Yes, it is absolutely possible to make both site visitors and Google happy simultaneously.  But that doesn't mean it doesn't take some hard work and a little finesse.

I'm an old school marketing guy, which means that I want to design for the user first and to hell with the search engines. But you can't exactly do that.  You have to be cognizant of both.  With a little help from Jay Taylor, SearchEngineWatch and yours truly, we're going try and put you in the right frame of mind to accomplish both.

1.  Know your customer…and how they're likely to behave.  This is job one before anything else.  You can drive all the traffic you want to site, but if visitors don't like it, they are going to leave your site and you will sell nothing.  Know what your target market is looking for and deliver it on your site better than anyone else in your business.

2. Create websites that are at the very least, pleasant to look at.  Taylor and I disagree on this, but I am of the opinion that a good looking website goes a long way to enticing potential customers and improving conversions.  As a site visitor I have a better opinion of you, the better looking your site is.  Yes, I want it to be useful, but good design is a winner for search and for search engines.

Taylor does not by any means advocate designing a crappy looking website, but he says "they don't have to be beautiful.  They just have to be useful and engaging to your target audience."  He's not wrong, but I see no reason that in 2013 that you can't do both.

3. Make your site easy to navigate.  Amen.  It's imperative to do it if you want search engines to scroll your sites properly and it's imperative if you want site visitors to stay on your site and convert.  All of us have come across sites where you get confused as to how to find something (lack of search tool) or locating other pages are on the site.  What do we do?  We leave it.  Don't let that happen to you.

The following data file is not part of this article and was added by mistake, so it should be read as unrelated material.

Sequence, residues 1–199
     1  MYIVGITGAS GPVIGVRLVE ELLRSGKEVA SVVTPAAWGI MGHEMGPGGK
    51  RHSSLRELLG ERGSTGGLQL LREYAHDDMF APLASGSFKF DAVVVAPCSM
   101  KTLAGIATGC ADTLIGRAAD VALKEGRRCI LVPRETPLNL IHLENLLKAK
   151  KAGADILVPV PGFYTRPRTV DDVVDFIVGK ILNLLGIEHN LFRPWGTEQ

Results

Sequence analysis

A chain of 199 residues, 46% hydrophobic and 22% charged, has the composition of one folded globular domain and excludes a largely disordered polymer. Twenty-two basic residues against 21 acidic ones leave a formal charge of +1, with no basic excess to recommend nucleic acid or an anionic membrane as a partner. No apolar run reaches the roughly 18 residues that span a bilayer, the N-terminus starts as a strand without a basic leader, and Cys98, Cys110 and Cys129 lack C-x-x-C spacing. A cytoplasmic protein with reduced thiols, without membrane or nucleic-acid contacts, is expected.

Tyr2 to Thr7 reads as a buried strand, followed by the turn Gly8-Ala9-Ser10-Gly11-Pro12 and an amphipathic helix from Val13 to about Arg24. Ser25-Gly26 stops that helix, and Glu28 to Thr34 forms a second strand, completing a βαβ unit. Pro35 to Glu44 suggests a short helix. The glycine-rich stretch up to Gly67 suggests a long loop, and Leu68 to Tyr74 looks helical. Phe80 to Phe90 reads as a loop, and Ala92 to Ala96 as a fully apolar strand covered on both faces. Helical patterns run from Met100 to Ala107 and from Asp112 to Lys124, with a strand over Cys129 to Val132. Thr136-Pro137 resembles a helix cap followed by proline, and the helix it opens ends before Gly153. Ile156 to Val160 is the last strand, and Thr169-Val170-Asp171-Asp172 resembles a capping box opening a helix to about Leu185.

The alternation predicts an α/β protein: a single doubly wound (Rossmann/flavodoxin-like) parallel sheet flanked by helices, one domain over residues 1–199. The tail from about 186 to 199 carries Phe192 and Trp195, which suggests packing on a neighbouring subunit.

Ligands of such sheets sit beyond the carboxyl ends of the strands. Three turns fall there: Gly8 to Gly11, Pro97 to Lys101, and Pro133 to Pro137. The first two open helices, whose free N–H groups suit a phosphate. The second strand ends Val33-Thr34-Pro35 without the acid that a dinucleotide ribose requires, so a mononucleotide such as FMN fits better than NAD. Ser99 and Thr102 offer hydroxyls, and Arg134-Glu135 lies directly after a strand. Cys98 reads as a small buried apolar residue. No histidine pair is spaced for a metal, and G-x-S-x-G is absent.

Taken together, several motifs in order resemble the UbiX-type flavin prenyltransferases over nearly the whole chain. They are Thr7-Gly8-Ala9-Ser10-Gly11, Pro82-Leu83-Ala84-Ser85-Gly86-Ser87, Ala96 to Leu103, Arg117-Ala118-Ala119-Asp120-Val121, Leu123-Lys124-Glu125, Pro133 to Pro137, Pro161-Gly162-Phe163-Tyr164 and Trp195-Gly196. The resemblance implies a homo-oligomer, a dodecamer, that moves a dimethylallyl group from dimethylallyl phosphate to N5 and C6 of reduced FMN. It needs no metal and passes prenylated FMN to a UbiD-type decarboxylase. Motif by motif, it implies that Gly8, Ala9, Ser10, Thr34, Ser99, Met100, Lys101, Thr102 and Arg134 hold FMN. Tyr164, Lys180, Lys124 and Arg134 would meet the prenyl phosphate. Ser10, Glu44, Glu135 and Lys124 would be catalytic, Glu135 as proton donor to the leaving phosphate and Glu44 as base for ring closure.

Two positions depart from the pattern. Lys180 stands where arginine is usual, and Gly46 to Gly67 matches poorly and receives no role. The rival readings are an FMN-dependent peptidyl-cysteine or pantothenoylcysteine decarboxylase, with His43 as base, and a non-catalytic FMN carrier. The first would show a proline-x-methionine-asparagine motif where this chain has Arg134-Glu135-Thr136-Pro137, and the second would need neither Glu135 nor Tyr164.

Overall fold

4.  Improve.  Taylor calls it measure and improve and he's right.  Test all elements of your site (not at the same time) and determine what really works best.  Test your order forms, your calls to action, your copy on each page.  All of it.  Don't be afraid to change and test your site.  Some things won't necessarily improve, but some will and that's great.

5. Don't write for Google; write for your target market.  This is true particularly if you need to establish trust quickly.  Nothing turns off a would-be customer like bolded-words, underlined keywords and unnatural sounding copy.  Yes, you have to do some minor things to get Google's attention, but each page doesn't have to look like it was designed by an eight-year old.

There you have it.  A few guidelines to follow that will not just please your would-be customers, but should make the search engines happy as well.